However, purchasing a unit as an owner-occupier or to privately rent out during certain times of the year would be considered an acquisition of residential land and require you to meet different FIRB requirements.

This can actually work in your favour because you may qualify for a residential home loan instead of a commercial loan which may give you opportunity to borrow at a much higher Loan to Value Ratio (LVR) and cheaper residential interest rates.

Retirement and aged facilities

Properties located in a retirement village or an aged care facility are classed as residential land under FIRB’s definition.

You may also be prohibited from buying the property as a foreign investor unless you intend to also live in the property.

However, this doesn’t apply where the owner of the business is a foreigner and the acquisition of the dwelling is a buyback or lease back arrangement. In this case, the land would be considered developed commercial land.

Complete our free assessment form if you’re a foreign investor looking to buy an aged care facility.

Bed and breakfasts (B&Bs)

Although B&Bs are usually custom-built for commercial purposes, owners often live on the premises with their guests by way of separate rooms and shared facilities.

Because of this, FIRB approval will be determined on a case by case basis, depending on the size and value of the residential component of the land.

As a general rule, B&Bs will be considered to be developed commercial land if the proportion of the land that is residential real estate (and used for residential purposes) is less than 10% of the total area and less than 10% of the total value of the land.

If not, it will be considered as residential land.

The definition of residential land will also apply to foreign buyers intending to convert a standard residential property into a B&B or guesthouse.

Complete our free assessment form if you’re a foreign investor looking to buy a bed and breakfast.

You may qualify for residential interest rates, saving you thousands!

Can land be considered both commercial and residential?


FIRB will consider the purchase of a retail building with an attached residential dwelling on a single title as both residential land (the attached dwelling) and a commercial property (the actual business premises).

When it comes to mixed use property like this, FIRB will review the application on a case by case basis.

In most cases, it will usually fall under the definition of residential land.

What is considered to be sensitive commercial real estate?

Commercial property that is involved in any of the following activities that are considered to be sensitive Australia’s national interests will need to notify FIRB of their proposed acquisition if the value of acquisition is $55 million or more.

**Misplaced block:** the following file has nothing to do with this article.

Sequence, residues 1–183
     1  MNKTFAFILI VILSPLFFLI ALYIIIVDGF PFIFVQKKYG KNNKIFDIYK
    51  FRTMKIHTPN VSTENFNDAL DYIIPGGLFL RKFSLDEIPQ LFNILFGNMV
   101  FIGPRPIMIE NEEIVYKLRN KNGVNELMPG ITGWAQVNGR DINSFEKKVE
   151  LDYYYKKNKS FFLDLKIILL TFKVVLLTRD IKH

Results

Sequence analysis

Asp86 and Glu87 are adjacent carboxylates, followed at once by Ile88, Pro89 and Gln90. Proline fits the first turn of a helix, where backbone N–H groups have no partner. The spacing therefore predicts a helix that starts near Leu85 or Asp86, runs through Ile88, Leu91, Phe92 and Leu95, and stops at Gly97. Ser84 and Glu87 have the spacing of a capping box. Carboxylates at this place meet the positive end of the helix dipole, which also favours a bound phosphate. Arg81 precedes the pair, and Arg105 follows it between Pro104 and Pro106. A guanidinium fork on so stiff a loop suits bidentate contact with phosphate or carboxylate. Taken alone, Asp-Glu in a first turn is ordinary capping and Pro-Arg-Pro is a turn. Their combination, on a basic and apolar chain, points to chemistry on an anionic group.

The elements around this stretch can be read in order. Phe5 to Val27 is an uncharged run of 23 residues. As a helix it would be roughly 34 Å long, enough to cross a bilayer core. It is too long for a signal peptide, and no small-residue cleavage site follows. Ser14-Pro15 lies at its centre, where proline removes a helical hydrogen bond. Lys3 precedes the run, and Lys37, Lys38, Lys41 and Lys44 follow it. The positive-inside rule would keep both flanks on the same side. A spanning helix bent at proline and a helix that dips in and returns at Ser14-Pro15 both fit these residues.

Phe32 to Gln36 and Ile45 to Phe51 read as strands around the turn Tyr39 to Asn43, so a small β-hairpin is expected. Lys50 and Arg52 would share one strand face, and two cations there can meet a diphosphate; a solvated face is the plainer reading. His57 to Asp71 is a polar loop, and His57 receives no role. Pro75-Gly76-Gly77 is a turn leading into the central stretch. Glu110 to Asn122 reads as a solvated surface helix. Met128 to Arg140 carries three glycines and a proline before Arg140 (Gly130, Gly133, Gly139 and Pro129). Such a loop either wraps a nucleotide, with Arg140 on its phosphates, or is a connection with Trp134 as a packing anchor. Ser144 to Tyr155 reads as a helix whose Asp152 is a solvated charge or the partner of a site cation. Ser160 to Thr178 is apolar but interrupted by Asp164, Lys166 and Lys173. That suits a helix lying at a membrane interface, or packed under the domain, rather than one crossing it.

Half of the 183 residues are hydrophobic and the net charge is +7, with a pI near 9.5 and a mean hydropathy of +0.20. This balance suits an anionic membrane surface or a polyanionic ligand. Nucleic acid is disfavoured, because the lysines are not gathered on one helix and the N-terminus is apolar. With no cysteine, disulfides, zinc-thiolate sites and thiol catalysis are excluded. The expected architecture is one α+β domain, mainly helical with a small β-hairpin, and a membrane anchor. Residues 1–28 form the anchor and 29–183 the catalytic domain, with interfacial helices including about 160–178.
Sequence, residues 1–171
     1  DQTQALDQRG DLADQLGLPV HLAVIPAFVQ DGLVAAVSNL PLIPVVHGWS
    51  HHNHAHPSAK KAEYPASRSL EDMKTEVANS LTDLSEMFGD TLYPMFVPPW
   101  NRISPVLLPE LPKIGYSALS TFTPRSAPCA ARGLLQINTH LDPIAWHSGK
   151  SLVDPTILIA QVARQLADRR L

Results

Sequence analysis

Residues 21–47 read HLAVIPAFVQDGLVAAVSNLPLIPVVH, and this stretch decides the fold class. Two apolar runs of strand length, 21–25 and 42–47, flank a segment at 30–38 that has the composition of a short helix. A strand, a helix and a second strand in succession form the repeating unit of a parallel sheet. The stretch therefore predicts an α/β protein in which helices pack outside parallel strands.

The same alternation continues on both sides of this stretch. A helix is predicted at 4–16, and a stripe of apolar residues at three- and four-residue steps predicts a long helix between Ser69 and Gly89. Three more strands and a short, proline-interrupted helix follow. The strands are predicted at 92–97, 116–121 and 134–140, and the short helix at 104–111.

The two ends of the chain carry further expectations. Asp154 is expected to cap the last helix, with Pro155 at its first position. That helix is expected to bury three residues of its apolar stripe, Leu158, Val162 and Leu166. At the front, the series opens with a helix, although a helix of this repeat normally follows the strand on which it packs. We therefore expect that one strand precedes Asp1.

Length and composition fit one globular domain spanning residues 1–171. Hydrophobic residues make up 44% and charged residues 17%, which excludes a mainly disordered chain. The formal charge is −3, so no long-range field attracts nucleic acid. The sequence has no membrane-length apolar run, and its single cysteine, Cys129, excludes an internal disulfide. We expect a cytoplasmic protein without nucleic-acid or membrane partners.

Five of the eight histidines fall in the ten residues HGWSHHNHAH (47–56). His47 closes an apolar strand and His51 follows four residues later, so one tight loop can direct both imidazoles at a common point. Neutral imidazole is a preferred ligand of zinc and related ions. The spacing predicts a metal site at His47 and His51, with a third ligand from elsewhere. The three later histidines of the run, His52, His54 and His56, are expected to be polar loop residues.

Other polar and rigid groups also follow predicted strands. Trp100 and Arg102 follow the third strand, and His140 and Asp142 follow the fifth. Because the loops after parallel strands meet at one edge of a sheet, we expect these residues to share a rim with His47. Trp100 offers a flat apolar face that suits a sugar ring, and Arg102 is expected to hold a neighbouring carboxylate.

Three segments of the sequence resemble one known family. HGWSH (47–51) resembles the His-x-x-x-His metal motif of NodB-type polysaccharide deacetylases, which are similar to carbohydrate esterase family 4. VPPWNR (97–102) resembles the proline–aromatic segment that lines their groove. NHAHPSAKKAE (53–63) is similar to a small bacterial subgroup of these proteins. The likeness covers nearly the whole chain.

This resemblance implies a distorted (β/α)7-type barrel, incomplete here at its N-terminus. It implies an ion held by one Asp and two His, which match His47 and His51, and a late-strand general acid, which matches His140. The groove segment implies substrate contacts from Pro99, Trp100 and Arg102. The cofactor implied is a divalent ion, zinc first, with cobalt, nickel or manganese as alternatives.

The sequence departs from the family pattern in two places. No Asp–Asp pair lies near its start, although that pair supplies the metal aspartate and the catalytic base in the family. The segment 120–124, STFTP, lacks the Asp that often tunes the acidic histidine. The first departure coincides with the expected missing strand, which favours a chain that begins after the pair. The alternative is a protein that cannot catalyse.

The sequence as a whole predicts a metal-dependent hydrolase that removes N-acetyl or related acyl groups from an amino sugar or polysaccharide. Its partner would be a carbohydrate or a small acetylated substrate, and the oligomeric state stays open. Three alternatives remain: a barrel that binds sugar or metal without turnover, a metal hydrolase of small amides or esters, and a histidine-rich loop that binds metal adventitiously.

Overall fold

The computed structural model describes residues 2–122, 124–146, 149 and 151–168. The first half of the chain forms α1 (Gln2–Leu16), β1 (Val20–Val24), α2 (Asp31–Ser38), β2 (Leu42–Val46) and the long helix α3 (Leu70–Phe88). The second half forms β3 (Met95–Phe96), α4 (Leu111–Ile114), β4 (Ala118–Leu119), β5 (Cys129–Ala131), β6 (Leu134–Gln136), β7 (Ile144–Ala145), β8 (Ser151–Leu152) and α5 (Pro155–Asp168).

This monetary threshold doesn’t apply to investors from certain FTA partner countries (the higher $1,094 million threshold applies to these investors):

  • The land is to be leased to the Commonwealth, a State, or a Territory body.
  • The land will be used for bulk storage, the supply of military goods, equipment or technology to the ADF or other defence forces.
  • The storage and production of encryption, security and communications systems and technologies.
  • Mining, oil and gas operations (particularly uranium or plutonium exploration) or the operation of nuclear facilities.
  • Storage or disposal of biological material flagged by the National Health Safety Act 2007.
  • Properties located under airspace
  • Land on which servers for banks, lenders, the stock exchange and other major financial institutions will be stored.
  • Land on which public infrastructure such as an airport, a port, electricity and gas facilities and water and sewerage treatment operations will be located.

How much are FIRB application fees?

  • Developed commercial land: $25,000
  • Vacant commercial land: $10,000
  • Land used for mining, production, and exploration: $25,000 or $10,000 if you’re a foreign government investor and want to acquire at least 10% in the business.

Sometimes foreign investors notify FIRB of a commercial property they intend to purchase by mistake.

Unfortunately, if you find that you weren’t required to notify the board, you will still be charged a fee for having to review the application.

In some cases, Treasury may waive or remit whole or part of your fee if they are satisfied that your commercial purchase isn’t against Australia’s national interests.

However, you won’t be refunded the fee if your FIRB application is declined.

Do you need a commercial property loan?

We’re specialists in commercial property loans for non-residents so give us a call on 1300 889 743 or by filling in our free only enquiry form. A mortgage broker will get back to you!

You’ll find that unless you’re buying a large commercial property or intending to make multiple acquisitions, you won’t need to go through FIRB at all!